Is your Golden's digging wreaking havoc on your backyard and your patience? If so, you're by no means alone. While it's not always easy to cure your Golden Retriever of this destructive pastime, it can be done.
Keep in mind that occasional digging is an instinctive behavior. For thousands of years your dog's ancestors dug dens in which to sleep and give birth, and to find small animals to eat. However, habitual digging can be a sign of something else. Once you determine its cause, it's easier to find a solution.
Is he bored? Often a dog that digs excessively is sending a sign that he is bored. Goldens require a lot of mental stimulation, and if they don't get it, they'll find other ways to channel their extra energy—and most of those ways are destructive.
The solution: Give him puzzle toys, not just chew toys. Try putting a favorite treat in a Kong or other puzzle-type treat dispenser. Your Golden will be occupied for hours as he tries to get at the treat. Exercise should also play a big role in a Golden Retriever's life. Opening the door and letting him loose in the yard doesn't count. Before you leave for the day, take him for a long walk or jog to burn off energy.
Is he stressed? When dogs are stressed they sometimes react by digging. If you notice that your dog begins to dig when there are a lot of people around, especially children or other animals, it could mean that there is too much commotion.
The solution: Try to keep overly stressful situations to a minimum, or let your dog relax with a safe toy or rawhide to distract him.
Is he cooling off? On hot summer days, you may find that your Golden digs a lot more than usual. This can be because he is feeling the effects of the heat and is digging a hole to lay in to cool off.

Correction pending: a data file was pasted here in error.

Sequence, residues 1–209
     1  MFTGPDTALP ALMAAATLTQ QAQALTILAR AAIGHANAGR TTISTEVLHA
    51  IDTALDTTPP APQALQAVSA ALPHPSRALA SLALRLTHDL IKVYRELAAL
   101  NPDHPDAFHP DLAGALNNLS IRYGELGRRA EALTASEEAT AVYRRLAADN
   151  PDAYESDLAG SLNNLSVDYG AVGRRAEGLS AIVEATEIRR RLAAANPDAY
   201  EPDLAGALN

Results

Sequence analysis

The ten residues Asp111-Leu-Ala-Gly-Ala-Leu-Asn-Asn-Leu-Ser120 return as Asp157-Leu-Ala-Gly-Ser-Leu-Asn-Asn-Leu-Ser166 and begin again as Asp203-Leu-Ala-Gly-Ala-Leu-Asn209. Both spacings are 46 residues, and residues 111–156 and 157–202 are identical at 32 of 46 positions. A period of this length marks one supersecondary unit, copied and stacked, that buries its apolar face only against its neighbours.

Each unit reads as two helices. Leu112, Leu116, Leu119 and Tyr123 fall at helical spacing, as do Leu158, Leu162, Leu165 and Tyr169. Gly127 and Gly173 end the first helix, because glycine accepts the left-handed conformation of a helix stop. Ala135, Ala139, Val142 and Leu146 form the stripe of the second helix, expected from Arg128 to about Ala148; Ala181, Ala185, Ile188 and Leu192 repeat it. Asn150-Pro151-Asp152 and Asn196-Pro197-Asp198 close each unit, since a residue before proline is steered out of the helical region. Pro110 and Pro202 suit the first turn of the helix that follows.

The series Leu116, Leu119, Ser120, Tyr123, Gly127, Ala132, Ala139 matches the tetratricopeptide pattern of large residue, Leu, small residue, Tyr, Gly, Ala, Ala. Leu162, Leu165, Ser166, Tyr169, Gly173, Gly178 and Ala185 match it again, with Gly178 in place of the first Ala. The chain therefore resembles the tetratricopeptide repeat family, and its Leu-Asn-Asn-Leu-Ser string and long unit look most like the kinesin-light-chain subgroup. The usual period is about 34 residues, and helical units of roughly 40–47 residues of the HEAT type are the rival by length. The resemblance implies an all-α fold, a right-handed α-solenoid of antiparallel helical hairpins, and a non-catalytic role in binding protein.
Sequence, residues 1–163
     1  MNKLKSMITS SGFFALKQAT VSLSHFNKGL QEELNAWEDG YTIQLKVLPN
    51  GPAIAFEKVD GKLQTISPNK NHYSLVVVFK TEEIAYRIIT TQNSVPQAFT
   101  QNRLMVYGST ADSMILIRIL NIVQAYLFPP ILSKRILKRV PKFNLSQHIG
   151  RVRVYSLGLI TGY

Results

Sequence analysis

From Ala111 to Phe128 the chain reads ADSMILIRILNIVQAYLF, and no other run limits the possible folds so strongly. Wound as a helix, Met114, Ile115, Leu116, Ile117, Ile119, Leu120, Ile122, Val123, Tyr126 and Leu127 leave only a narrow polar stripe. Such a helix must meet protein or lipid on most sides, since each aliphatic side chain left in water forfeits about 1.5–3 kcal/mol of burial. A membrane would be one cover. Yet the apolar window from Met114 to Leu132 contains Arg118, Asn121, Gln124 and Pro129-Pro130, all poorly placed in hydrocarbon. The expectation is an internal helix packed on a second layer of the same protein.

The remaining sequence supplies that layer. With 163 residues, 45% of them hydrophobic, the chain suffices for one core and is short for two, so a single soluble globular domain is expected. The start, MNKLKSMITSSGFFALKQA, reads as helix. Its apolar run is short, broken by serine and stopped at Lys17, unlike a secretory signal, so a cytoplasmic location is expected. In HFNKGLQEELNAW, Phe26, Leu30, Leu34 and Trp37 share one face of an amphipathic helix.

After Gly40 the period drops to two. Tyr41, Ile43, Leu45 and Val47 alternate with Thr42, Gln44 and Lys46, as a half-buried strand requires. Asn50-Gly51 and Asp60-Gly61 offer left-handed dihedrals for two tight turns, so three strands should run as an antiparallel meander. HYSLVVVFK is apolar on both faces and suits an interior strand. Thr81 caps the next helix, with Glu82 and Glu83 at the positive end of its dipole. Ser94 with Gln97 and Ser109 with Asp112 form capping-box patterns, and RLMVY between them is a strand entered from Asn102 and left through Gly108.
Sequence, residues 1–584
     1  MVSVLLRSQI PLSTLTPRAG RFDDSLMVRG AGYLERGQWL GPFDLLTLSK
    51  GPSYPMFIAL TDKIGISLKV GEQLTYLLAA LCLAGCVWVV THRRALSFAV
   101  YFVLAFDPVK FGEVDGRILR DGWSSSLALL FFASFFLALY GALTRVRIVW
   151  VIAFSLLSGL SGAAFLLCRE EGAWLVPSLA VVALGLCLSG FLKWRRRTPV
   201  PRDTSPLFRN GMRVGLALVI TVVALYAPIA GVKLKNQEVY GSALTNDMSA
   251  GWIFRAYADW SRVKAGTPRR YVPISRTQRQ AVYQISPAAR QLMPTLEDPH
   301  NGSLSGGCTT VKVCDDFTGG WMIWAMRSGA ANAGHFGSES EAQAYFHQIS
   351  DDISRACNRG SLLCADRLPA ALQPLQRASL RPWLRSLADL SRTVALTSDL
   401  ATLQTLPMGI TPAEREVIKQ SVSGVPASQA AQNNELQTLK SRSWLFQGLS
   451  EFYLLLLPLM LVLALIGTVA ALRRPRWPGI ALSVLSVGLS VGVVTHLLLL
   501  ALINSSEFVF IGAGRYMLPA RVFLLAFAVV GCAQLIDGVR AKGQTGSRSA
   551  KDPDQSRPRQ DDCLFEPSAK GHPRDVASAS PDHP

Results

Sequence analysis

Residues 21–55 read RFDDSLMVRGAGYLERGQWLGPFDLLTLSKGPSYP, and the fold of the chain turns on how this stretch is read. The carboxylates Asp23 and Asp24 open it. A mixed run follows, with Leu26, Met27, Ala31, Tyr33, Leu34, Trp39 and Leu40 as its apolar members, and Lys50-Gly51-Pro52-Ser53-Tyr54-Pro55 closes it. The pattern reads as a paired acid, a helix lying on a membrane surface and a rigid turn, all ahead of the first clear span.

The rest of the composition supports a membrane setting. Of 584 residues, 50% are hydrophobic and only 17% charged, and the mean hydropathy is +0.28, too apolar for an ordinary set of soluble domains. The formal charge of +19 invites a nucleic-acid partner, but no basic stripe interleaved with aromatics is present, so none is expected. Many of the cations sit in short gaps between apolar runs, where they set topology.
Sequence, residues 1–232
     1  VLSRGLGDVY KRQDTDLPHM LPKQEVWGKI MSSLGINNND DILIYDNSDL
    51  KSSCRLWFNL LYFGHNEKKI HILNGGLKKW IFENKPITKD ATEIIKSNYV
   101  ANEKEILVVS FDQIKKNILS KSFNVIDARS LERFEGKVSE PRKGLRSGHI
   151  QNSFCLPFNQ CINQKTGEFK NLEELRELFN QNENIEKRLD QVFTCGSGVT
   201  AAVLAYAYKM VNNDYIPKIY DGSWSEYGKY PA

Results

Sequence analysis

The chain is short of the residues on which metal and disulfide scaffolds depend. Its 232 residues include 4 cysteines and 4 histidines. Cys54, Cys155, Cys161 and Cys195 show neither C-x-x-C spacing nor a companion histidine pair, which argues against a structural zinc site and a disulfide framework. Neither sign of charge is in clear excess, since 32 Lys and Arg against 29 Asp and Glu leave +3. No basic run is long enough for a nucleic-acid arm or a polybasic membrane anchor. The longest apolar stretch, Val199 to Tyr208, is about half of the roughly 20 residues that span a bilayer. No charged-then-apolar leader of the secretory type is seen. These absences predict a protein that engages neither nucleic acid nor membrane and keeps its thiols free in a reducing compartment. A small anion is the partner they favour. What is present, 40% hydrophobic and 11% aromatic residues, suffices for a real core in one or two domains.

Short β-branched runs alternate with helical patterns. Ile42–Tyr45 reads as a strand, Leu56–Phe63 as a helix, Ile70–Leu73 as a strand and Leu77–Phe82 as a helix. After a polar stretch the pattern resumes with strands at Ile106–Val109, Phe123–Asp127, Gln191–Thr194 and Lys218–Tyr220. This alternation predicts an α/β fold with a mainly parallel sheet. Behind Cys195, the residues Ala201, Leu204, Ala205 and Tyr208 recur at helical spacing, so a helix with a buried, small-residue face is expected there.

The solution: During periods of extreme heat, make sure that your dog has enough shade and water to remain cool and well hydrated. If there is an extreme heat alert, it may be best to keep your dog indoors until the weather cools. Another solution is fill a child's plastic swimming pool and let him cool off with a refreshing splash.
Is he just having fun? Sometimes dogs will dig because they are looking for bones that they might have buried, or are chasing rodents. This is playtime for them.
The solution: Set up a water sprinkler in the area where he digs, then position yourself near the faucet. As soon as your dog starts digging, turn on the sprinkler. After a few times he will understand that digging causes the sprinkler to go on. And since he will think it's the sprinkler that's reprimanding him, not you, he should stop digging whether you are around or not.
If all else fails, you may have to set aside a special spot where your dog is allowed to dig. Choose an area and make sure its boundaries are clearly defined. Bury a toy there, and when your Golden finds it, praise him. If he digs anywhere else, you should not praise him.
Over time and with proper supervision, exercise, and attention, these solutions will help him forget all about his digging past.